Episode

The Tolkien Professor

Corey Olsen

Arts, Literature

Chart Positions

Literature 87

The Tolkien Professor podcast is a series of lectures, discussions, and seminars on the works of J.R.R. Tolkien by Corey Olsen, Assistant Professor of English at Washington College in Maryland. Find me on Facebook at "The Tolkien Professor," on Twitter at @tolkienprof, or at my website at www.tolkienprofessor.com. I have also begun a grand new venture: the Mythgard Institute, offering courses on Tolkien studies for credit at the MA level, or just for fun! Join us at www.mythgard.org.

Website

SilmFilm Session 1-20: Script Outlines

May 12th, 2016

Episode 311 of 325 episodes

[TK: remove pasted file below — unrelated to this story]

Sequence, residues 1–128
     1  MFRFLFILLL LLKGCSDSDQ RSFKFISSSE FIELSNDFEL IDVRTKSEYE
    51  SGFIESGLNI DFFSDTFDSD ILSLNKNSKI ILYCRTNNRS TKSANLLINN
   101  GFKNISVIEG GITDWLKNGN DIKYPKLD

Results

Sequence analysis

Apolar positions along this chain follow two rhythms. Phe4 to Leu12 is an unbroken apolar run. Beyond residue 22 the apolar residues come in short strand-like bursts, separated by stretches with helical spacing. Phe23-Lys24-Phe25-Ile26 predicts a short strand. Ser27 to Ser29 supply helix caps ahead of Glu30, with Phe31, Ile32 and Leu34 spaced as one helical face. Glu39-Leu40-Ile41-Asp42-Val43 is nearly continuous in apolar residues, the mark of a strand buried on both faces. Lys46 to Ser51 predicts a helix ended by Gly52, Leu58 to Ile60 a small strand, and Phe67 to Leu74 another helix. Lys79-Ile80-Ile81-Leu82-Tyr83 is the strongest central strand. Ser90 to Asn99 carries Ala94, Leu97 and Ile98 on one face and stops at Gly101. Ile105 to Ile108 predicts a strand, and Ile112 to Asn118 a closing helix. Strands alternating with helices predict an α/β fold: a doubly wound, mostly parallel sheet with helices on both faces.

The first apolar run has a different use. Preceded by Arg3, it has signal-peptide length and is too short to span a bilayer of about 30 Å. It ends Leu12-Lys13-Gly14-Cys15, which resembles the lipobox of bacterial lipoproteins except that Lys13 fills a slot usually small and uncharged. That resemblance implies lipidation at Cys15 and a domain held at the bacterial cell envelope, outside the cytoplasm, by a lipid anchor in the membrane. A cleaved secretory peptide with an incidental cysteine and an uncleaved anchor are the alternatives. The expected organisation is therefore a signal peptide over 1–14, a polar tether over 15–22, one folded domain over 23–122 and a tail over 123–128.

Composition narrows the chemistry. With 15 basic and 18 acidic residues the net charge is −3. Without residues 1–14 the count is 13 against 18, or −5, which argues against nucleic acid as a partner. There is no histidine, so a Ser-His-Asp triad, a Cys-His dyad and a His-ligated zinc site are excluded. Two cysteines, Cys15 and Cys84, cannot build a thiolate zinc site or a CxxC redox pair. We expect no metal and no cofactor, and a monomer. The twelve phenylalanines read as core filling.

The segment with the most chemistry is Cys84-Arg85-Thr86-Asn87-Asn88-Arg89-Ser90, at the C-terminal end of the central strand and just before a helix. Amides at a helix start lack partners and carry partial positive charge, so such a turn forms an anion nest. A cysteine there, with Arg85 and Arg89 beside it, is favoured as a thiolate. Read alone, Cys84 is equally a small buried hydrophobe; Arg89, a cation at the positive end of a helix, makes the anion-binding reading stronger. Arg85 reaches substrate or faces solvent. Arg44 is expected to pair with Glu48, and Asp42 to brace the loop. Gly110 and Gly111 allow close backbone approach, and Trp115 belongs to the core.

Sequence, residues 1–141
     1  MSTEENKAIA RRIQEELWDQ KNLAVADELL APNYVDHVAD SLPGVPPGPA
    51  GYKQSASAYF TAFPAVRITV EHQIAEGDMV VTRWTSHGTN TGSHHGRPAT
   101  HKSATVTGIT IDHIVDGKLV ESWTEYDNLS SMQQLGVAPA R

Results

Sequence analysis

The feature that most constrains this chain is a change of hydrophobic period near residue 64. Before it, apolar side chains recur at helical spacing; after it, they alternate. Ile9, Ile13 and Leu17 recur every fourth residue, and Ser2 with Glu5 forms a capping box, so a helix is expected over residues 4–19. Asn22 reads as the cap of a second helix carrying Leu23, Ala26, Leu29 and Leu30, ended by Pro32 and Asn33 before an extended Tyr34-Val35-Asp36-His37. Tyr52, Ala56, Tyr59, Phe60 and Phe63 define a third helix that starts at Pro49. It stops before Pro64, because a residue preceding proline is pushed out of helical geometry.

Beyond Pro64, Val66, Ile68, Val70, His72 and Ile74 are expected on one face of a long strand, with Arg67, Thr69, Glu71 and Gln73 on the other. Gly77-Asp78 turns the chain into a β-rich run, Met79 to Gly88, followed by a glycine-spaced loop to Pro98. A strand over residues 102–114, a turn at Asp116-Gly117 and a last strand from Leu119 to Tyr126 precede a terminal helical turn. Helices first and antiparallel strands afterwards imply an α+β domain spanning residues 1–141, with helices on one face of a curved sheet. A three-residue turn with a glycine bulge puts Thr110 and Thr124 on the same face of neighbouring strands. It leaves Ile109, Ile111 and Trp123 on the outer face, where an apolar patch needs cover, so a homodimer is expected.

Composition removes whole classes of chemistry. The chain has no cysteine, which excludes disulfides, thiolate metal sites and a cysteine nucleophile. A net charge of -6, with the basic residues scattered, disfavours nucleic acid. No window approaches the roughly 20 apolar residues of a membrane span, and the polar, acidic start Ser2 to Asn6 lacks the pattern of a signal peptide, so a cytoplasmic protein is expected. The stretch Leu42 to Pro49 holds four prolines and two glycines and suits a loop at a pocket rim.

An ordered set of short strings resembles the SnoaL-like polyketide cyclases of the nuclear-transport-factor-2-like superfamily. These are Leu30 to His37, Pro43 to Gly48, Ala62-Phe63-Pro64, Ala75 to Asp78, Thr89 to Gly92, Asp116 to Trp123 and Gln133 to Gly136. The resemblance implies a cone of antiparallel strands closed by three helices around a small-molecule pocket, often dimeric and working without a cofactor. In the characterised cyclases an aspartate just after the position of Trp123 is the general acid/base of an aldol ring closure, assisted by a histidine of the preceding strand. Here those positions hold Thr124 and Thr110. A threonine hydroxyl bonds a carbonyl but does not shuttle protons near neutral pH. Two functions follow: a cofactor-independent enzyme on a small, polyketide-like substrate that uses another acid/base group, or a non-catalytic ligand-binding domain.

[button type="inverse" size="large" link="https://s3.amazonaws.com/media.podcast/TolkienProf/TolkienProf310.mp3"]Download Audio[/button] Introduction – Plot/Script Outlines Today, we have a larger cast of characters panelists than usual. Discussing actual scripts created by the Mythgard community…seeing our vision begin to be fleshed out Karita Alexander, Brian Fattorini, Nick Palazzo, Marie Prosser are our panelists Today’s episode Departures from the established “core” concepts: Stuff added was in areas where things weren’t touched on Blocking/Staging (in The Timeless Halls) was particularly difficult “People” – shaped Ainur in that scene, but where are they positioned? How terrestrial should the Valar be? Do they just pop in and out of reality? How close should their connection be to Arda? How MANY solid bodies should they have? Unless there’s a time limit, they Valar’s personalities would determine “how long” and in what way did someone move. (If Manwë wants to fly, then he does…if Aulë wants to walk across his mountains, he just does so.) They can travel at the speed of thought, and maybe they’d disembody and re-embody at will (Ulmo can speak through the waves) They would spend a lot of time admiring their own area (they’d be like tourists admiring what they see) Many questions brought up in our discussions were left unanswered by the end of our sessions, so they were starting points for new concepts Some sessions never included a frame story segment, so those were filled in What is Estel going through? What is Elrond wanting to teach him that makes the Silmarillion story come up in their discussion “What does that look like on-screen?” was a question that was often asked How does the environment influence the discussion? Thinking about the frame – thinking about Gilraen’s conflict with Elrond…Gilraen in the outlines is much more polite and much less grumpy than Corey’s vision Marie didn’t want Gilraen to come off as unsympathetic/jaded/hostile Assertive but still recognize that she’s a guest of Elrond Too easy to have Gilraen as “foolhardy”/not seeing the big picture and Elrond being the “calm parent” type who never makes mistakes Gilraen is one of few characters that can do a lot given where she is in her life at that time In a complicated place in her life. She doesn’t let anyone walk over her We want the conflict between her and Elrond, but without rehashing the same argument over and over Episode 12 is where she was able to give Elrond insight that he hadn’t realized Corey is going more for Andreth vibe (rude but still saying things that make Finrod step back and think for a moment) However, Gilraen and Elrond’s discussion is not so abstract She may seem to Elrond as impatient and impetuous, but Elrond can consider that this is an Elven viewpoint, and may not necessarily be “right” Would be refreshing to have Elrond either be mistaken in his opinion, or perhaps be enlightened by something Gilraen says. Hesitant to make Gilraen too insightful at this point, mainly b/c the stories at this point are about the Valar (as opposed to Elvish stories) Why are we spending so much time on sympathy for Melkor? Why can’t we just get to the fact that evil is terrible? Especially at moments where Estel is confused (“wait – I thought Melkor was a bad guy?”) Gilraen is extremely practical, whereas Elrond is philosophical (“How is this going to prepare my son to be a good king?”) Elrond would recognize that anyone of Estel’s genealogical line that “this might be the one to Unify Men” (one more generation to teach) while Gilraen is concerned about their people living in the wilderness RIGHT NOW and they need a Chieftain The foresight of the Dunedain – this is a recurrent thing. Perhaps Gilraen has that gift as well Episode 6 – the Lamps question (bigger vs. smaller) Attachment to idea where we want to show the Valar messing up (one of their first mistakes) – hoarding the light Instead of spreading our blessings all over Arda, we’re going to concentrate it all here in our favorite place (Almaren) (consequently leaving the rest of Arda in shadow) The idea that the Valar would have all their stuff wiped out by light bulbs on the Eiffel Tower… We want a contrast between Almaren and Valinor The lamps need to be pretty major to take angelic beings and turn them into Balrogs Mountains with giant pillars with the lamps on top Mairon came up with the idea of using metal to make things taller Discussion with Aulë The first 3 episodes are really hard to make interesting All dialogue As soon as Melkor shows up, the story really takes off (Episode 4) There may be a fundamental flaw in how we’re visualizing, as there’s no dramatic movement Ainulindalë – this could be focused on the frame, but talking about the Silmarillion story Episode 3 is a flashback episode to the Void (and Melkor talking to (and being rejected by Varda) Starting Episode 1 with the Death of Arathorn can give us dramatic tension Elrond would be like “Let’s talk about the origin of conflict and why things are they way they are now” (and Gilraen would be impatient) Rivendell is not a dramatically tense environment…so the grief and urgency from Gilraen being in the outside world would be appropriate if we start with Arathorn’s death Starting the episode with Arathorn’s battle, and then Estel might see a tapestry (of Episode 13 events) and starts re-enacting it The Ainulindalë doesn’t need to take up a lot of time, and we can spend more time in the frame The audio we hear may be from Episode 13’s battles to flash forward Heroic glimpses of Tulkas and Oromë (and running behind it is Melkor’s discord theme) Young Estel might think that the battle is the awesome part, but Elrond would seek to help Estel understand it all, and understand Manwë’s tears But as much as this battle is terrible, Tulkas would have never been brave, or Manwë would have never been a strong leader, and perhaps the Children would have been destroyed. “It could have been different, but it couldn’t have been better.” Opening up with something more “human” would show why such an abstract story as the Ainulindalë is so important The Ainulindalë should be depicted very differently – the rest of the season is the story of Arda We can do a sort of conceptual art segment with music only (occasional voiceover) for the Ainulindalë, so that we have a shift in the depiction of the world. The final chord shifts to Melkor’s conflict with Eru If the frame is dominating the episode and the music segment is only a few minutes, we can be more abstract/conceptual with it if we set up in context Not everyone knows who Estel is, so some of that story would help give Gilraen more sympathy (and thus can get away with being a little more snippy) Make a connection with the audience that both Elrond and Gilraen have lost loved ones, and come from a similar tragedy Gilraen: “What have you ever lost?” The long years that Elrond has lived after his tragedy hasn’t dulled his own sense of loss She can’t even conceptualize living that long Episode 3: cinematography would be different…it could reflect Melkor’s increasing self-absorption (it would almost look like Melkor’s personal video blog) The camera would cut between extreme close-ups and his viewpoint “The misunderstood hero” – we wouldn’t want him to appear to be a buffoon. We don’t people to just laugh at him Episode 4 onward would then be “third person” (just the facts) Episode 2 was a difficult one as well…Arda before conflict There’s a series of problems for the Valar to solve but no actual tension May make this episode frame-heavy as well The Valar are learning to work together and learning to harmonize (which culminates outwardly in the creation of Almaren) “But things that are good to have and days that are good to spend are soon told about, and not much to listen to.” Short vignettes – “This is the story of Aulë and Ulmo and why mountains aren’t perfect conical shapes” o The Valar’s conflict can parallel Gilraen’ “WTF-moment” Episode 1 is grandiose, huge, over-arching, abstract, so it would be nice to have these folklorish, short sketches as a different way of storytelling A lot of “frontloading” with Gilraen early on, and then reference later on But we don’t want it to be like “Oh here comes Gilraen the Buzzkill again” Maybe she starts to “get it” after a while Some of the other stories could be handled the same way Maybe further down the line reminiscing about how awkward this time period is and reflecting on how Estel’s education has turned out Ungoliant’s mysterious origins…she’s there from the beginning but doesn’t fit comfortably Episode 3 in the Void kinda makes her bigger than she is…Tolkien didn’t work it out, so it’s up to us to decide between the 2 camps: Definitely a Maia vs. Super-mysterious and unknown origins Based on our cast picks, Inara (Ungoliant) would be telling River (Nessa) she couldn’t leave –Firefly fanservice! Tom Bombadil cameo in every season (the running joke being he could be doing the same thing, looking the same, even while all the world keeps changing) Do we have a nod to Tevildo, Prince of Cats? Why not? We want to develop some sub-villains (not the same as Book of Lost Tales) Next session: May 20th We begin Season 2 in 2 weeks Preproduction discussions: Overview of the plot for the season Picking up from where we left off up to the Darkening of Valinor Read the next few chapters (We’re looking to cover Chapters 3-8 for Season 2)